The biggest obstacle to answering the question of Skeets' consciousness is the relatively few solo adventures it has had. Skeets has almost always been seen acting in service to Booster, who characteristically gives very little consideration to his floating "friend." (This shouldn't be considered as evidence against sentience. Selfishness has always been Booster's biggest flaw.) The only time that the reader has ever been given access to Skeet's thoughts were late in the run of Booster Gold volume 2. Those few panels imply that Skeets was gaining a sentience it was previously denied.

© DC Comics

Then came the New 52. Convergence Booster Gold revised Skeets' origin. This time, Booster stole Skeets from its well-armed "corporate overlords" via a briefcase. Once again, the question of sentience remains unaddressed. Theft? Kidnapping? Emancipation? The answers remain vague.

Should Skeets be granted rights equal to any other human being, or should it continue to be treated like any other tool in Booster's high-tech arsenal? What do you think?

This week's poll question: Is Skeets a sentient artificial being? Please visit the Boosterrific Polls page to view results for this week's poll.

Comments (1) | Add a Comment | Tags: polls skeets

Friday, March 15, 2019

Pointing the Finger

If you look at that Heroes in Crisis house ad I reposted on Monday, you'll see that DC claimed the list of potential murders is limited to

Arsenal
Beast Boy
Booster Gold
Catwoman
Cyborg
Damage
Deathstroke
Green Arrow
Harley Quinn
John Constantine
Kyle Rayner
Lex Luthor
Mr. Terrific
Nightwing
Poison Ivy
Red Robin
Superman
The Atom
The Riddler
Wally West
Wonder Woman

So that was the list I used when I created Monday's poll asking who Booster boosters believe the Sanctuary killer really is.

Given that we already know that Booster Gold and Harley Quinn accuse one another of being "the" murderer, they had to be poll options. Internet rumors have fingered Wally West for months, so I included him. I chose Poison Ivy to round out the poll options because other than Superman and Wonder Woman, neither of whom is likely to have gone kill crazy, Ivy is the only other character in the list who has actually been mentioned in the series so far. I have a hard time believing that even Tom King would resolve his story by revealing a character that wasn't in any of the previous issues.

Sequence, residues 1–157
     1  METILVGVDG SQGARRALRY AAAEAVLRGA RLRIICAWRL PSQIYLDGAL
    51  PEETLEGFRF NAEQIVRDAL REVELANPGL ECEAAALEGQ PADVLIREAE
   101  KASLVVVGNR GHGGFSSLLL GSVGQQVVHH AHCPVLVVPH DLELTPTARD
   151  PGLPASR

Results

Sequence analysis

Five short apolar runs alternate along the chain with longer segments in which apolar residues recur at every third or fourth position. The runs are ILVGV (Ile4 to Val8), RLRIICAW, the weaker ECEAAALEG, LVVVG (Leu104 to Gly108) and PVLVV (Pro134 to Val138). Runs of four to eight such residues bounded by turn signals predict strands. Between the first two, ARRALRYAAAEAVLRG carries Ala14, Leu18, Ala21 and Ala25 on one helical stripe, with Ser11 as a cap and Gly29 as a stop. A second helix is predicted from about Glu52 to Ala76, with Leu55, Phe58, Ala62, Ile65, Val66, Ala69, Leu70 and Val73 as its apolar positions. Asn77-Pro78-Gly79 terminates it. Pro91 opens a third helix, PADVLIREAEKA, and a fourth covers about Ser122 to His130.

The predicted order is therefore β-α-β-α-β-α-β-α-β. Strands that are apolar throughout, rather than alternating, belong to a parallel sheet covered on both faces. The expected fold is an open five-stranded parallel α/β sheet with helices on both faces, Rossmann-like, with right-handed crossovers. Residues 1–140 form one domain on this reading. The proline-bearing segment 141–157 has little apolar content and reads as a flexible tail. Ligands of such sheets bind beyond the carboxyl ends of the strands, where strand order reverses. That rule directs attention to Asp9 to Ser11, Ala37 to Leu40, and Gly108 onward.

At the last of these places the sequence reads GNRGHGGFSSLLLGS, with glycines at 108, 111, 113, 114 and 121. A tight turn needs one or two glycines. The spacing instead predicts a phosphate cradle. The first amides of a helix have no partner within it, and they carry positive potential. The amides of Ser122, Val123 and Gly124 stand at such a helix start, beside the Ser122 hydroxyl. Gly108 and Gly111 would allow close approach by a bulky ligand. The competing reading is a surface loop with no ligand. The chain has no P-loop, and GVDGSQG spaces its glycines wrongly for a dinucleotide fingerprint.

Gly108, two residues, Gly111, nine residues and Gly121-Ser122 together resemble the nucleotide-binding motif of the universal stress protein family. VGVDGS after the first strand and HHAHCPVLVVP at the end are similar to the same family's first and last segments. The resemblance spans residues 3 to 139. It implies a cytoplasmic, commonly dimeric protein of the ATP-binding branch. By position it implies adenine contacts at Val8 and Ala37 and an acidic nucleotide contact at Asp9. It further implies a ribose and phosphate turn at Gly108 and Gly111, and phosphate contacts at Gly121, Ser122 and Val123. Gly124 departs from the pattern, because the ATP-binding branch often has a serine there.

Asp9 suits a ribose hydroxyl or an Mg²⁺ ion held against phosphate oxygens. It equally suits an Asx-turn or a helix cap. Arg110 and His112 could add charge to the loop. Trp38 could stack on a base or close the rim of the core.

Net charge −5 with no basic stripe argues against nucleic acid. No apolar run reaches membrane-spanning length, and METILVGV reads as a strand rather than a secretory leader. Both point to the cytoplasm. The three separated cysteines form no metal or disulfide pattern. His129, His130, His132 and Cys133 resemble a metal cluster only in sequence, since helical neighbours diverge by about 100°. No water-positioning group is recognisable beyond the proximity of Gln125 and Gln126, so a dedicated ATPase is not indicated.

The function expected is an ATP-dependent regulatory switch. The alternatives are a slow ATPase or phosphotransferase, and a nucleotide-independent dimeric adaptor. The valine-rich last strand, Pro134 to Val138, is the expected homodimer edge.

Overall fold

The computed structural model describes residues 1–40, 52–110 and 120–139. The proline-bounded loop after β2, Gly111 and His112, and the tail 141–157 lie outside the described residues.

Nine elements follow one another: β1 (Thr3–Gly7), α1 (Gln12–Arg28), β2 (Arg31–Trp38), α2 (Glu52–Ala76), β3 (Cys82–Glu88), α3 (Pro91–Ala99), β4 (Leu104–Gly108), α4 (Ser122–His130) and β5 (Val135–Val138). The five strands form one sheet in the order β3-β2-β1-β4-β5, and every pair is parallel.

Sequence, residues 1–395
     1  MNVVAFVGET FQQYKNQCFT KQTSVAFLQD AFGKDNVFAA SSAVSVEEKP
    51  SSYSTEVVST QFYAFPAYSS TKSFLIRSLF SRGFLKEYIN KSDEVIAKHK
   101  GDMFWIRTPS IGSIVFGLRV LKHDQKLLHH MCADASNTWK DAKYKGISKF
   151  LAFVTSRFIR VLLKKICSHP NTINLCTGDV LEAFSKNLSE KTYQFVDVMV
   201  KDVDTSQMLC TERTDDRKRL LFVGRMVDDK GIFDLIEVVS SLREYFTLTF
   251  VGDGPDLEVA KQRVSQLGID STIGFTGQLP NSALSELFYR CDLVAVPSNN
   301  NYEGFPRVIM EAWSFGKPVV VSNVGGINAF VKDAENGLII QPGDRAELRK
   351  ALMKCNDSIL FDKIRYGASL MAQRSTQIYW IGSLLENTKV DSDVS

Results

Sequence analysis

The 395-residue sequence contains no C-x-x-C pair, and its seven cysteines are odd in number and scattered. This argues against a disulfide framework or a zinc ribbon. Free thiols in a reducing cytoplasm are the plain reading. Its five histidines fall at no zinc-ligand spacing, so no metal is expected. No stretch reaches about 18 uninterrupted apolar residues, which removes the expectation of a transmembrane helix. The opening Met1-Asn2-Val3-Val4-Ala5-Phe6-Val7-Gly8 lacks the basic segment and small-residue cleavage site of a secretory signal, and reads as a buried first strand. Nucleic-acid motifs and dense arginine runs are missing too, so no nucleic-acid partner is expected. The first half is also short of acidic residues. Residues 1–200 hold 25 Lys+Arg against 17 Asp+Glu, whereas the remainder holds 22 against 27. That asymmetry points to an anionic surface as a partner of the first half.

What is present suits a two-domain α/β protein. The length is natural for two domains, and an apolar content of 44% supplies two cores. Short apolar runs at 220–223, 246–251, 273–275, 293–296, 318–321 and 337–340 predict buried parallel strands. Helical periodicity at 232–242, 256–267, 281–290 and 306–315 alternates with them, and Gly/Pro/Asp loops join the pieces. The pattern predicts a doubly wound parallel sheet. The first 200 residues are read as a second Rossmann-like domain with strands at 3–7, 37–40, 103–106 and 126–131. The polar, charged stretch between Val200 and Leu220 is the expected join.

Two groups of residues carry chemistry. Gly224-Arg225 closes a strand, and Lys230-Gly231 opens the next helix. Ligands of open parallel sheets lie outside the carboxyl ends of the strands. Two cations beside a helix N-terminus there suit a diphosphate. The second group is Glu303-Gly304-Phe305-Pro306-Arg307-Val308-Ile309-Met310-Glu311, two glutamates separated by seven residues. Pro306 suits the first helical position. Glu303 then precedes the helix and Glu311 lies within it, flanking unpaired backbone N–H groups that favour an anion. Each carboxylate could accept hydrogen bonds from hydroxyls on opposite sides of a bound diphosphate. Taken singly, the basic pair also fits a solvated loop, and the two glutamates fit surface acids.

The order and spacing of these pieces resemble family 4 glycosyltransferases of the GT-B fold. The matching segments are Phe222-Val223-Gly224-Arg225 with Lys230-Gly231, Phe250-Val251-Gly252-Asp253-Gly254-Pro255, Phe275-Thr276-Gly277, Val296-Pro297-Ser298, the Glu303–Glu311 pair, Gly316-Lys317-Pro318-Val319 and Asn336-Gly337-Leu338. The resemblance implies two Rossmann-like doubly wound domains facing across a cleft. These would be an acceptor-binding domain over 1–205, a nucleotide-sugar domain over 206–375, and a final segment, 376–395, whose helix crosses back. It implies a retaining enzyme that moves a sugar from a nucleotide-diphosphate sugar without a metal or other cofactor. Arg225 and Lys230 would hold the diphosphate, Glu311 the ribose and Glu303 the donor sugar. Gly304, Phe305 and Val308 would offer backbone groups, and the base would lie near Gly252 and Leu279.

Given those four options, you chose none of the above.

Last week's poll question: Who is responsible for the deaths at Sanctuary as seen in Heroes in Crisis? (38 votes)

Who is responsible for the deaths at Sanctuary as seen in <em>Heroes in Crisis</em>?

So who are you thinking?

Comments (3) | Add a Comment | Tags: heroes in crisis polls

Monday, March 11, 2019

Elementary, My Dear

Now that we're 2/3 of the way through Heroes in Crisis, we should have all the players, even if we still don't know all the clues. That's means it's finally time to start guessing. Whondunnit?

© DC Comics

DC released the above tease in the pages of DC Nation #2 last July. Note the promise that one of the indicated characters will be "a murderer," two would be murdered, and three would be accused. Let's pretend that DC was playing fair.

Thus far, it seems only Booster and Harley have been accused. Will share some blame? Aren't three of the characters in that ad dead? And, most importantly, who's the guilty party?

This week's poll question: Who is responsible for the deaths at Sanctuary as seen in Heroes in Crisis? Please visit the Boosterrific Polls page to view results for this week's poll.

Comments (0) | Add a Comment | Tags: heroes in crisis polls